27 January 2022

Your will be done: What to do when caring is a struggle

A reflection on our current climate crisis

Morbid, overwhelming, out-of-control is how Ebony Staker finds the climate conversation. But is that what God wants from her?

Ebony Staker

25 October 2021

As the Melbourne Anglican goes to press, Australian Prime Minister Scott Morrison is in Glasgow at the 26th Conference of the Parties to the United Nations Framework Convention on Climate Change (COP26). Here Ebony Staker, a young Environmental Science graduate, shares her reflections on the climate conversation. How little she thinks about climate change might surprise you. But is that what God wants?

I was born in the early 1990s and for most of my life I’ve lived in south-east Australia. I completed an Environmental Science degree, which led me to my current job in field-based bushfire prevention, working for the state government. 

My preferred mode of transport is cycling. I instinctively scavenge for discarded things and try to find uses for them. I’m drawn to areas of wilderness when I want to calm my frantic thoughts, seek God’s voice or remind myself of the intricate wonders of creation. Composting brings me joy.

On paper I appear to be a young, climate-conscious citizen who thinks about and acts against climate change, and hopefully corrals those around me to do the same. 

In reality I spend little to no time actively thinking or learning about climate change. 

“Why?” you might ask. 

I find the whole climate debate morbid, overwhelming and completely out of my control. There are already so many things in this world that are broken and hurting, and this is another one to add to the heap.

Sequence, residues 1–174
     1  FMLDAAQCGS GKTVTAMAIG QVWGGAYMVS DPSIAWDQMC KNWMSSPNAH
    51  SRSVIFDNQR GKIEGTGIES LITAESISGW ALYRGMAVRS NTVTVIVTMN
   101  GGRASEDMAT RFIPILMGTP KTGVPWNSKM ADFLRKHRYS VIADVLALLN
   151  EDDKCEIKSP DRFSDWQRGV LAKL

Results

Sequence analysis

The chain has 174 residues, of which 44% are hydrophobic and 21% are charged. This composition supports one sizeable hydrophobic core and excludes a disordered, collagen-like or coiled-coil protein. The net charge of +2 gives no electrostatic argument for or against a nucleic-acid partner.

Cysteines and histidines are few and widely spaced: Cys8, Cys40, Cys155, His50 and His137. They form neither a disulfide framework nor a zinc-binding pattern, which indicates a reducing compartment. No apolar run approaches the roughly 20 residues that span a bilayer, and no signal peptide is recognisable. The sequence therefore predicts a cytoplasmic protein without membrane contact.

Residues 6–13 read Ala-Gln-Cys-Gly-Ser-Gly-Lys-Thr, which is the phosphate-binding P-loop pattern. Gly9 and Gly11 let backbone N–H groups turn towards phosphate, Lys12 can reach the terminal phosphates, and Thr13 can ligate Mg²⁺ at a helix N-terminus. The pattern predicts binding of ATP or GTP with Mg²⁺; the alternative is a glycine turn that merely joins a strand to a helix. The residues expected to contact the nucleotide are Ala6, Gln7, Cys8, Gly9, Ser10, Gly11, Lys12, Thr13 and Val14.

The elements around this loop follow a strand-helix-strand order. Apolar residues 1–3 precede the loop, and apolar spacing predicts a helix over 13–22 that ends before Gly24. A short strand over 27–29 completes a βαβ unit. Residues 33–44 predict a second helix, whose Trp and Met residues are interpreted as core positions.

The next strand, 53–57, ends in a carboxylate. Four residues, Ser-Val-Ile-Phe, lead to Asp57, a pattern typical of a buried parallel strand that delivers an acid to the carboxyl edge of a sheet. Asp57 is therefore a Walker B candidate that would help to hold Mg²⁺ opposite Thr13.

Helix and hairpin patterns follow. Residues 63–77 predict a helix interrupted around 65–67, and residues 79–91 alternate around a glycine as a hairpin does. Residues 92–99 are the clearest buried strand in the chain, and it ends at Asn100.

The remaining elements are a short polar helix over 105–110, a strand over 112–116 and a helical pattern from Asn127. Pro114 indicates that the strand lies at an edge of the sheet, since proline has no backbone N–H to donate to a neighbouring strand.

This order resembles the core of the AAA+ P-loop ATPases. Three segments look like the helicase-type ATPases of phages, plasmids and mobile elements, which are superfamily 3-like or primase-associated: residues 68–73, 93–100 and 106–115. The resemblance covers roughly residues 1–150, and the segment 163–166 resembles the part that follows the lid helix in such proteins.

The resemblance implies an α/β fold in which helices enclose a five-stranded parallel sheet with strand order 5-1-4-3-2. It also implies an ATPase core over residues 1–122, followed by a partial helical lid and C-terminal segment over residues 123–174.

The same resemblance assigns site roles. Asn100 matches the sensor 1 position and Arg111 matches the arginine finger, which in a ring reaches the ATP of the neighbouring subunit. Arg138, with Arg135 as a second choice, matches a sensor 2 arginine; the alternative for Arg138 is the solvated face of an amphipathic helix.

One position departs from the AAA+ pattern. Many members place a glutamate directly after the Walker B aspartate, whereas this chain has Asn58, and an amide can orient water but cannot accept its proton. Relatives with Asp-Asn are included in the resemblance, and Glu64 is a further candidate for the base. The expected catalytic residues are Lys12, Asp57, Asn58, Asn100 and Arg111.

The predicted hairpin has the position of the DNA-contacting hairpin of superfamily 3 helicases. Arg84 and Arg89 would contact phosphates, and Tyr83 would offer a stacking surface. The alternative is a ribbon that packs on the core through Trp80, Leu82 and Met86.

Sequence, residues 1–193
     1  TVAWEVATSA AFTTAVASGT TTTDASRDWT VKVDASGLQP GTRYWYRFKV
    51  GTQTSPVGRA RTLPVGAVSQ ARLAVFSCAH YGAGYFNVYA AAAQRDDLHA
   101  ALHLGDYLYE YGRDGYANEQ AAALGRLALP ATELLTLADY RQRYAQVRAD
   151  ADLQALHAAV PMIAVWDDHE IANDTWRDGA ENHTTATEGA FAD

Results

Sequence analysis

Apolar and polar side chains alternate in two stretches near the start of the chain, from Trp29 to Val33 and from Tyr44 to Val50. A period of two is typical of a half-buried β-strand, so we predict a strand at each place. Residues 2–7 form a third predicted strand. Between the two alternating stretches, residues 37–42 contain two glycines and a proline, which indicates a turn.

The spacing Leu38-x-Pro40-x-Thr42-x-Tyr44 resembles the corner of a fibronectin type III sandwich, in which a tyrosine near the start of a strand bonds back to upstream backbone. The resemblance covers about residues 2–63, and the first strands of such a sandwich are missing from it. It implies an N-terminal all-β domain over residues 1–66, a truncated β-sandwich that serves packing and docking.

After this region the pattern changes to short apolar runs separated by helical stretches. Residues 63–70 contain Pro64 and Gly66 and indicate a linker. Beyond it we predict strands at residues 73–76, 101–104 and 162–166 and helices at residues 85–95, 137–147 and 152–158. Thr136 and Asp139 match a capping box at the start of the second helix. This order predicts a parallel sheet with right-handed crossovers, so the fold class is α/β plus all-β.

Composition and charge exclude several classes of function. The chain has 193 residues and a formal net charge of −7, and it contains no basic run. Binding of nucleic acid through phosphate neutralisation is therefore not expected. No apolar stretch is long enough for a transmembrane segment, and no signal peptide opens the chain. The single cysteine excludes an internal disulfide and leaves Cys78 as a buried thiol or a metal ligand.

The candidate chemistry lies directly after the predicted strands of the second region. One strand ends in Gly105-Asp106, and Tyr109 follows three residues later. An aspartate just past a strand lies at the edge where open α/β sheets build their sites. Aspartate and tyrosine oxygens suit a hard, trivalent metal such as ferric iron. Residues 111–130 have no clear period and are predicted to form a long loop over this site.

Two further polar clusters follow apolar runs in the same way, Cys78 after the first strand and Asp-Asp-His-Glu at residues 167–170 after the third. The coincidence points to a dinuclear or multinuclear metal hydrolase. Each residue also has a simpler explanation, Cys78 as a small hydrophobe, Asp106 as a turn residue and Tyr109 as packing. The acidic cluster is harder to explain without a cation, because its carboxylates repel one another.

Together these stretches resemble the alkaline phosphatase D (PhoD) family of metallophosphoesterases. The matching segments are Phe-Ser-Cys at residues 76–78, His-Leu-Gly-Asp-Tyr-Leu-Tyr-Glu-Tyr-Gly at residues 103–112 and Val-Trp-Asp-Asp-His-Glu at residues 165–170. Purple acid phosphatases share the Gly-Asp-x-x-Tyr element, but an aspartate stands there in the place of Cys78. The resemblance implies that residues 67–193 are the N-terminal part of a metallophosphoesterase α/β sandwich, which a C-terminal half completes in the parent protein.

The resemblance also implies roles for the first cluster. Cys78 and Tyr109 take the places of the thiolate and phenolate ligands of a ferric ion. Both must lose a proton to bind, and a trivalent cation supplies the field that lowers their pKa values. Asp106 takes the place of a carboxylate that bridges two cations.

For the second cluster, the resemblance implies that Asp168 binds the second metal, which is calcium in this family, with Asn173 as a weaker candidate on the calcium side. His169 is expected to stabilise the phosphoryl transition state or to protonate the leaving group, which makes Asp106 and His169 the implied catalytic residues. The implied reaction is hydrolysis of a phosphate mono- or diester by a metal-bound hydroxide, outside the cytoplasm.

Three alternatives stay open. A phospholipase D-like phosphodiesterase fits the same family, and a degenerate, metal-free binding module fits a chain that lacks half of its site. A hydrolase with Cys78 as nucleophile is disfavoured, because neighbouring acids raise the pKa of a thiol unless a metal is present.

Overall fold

A few years ago, I used to think that I was “doing my bit” by riding my bike, reusing, recycling and repurposing goods, buying bulk, unpackaged foods, and saying no to takeaway cups.

All these things I still do, and I believe they are good to do. But I realised a while ago that those actions won’t save the world. 

I am one of 7.7 billion people! How could my small actions possibly change anything? 

Please don’t take this as a defeatist. I’m just trying to be honest.

It’s a surreal position to be in at the moment, in my late 20s, living in an affluent society. Many moments in life seem calm and untroubled, but there’s always a sense of uneasiness about what lies ahead. 

I’m inundated by news that is saturated with the negative changes occurring in the environment. At the same time I’m promised that the situation will only worsen with time. 

The outlook for our future life on earth is grim and we as humans are scrambling to try find a way to fix it. I can’t help but see all of this chaos and fear, and wonder when God will intercede. Or whether God will intercede? 

I do think about the future, but often I just don’t know what to think.

I started learning about climate change while studying environmental science at university. My lecturers and fellow students were passionate about the wonders of our environment, and many despaired at the inevitable extinction of species around the globe. 

I volunteered in small scale projects that had an underlying sense of “help save the planet”, and it was addictive. 

I formed everyday habits that, in small ways, lowered my use of our finite resources and it felt good. I learned many things while at uni and I’m glad I had the opportunity to witness the fire that drives people to continue working in thankless and sometimes hopeless restoration jobs. I’m also glad I could develop my own small insight into the devastation that will happen if the planet continues to warm.

Then I went from learning about the natural environment everyday, to working in it everyday. After uni I began my summer job in bushfire prevention. It’s a field where workers come from every background imaginable. Here, I went from discussing climate change everyday, to not talking about it at all.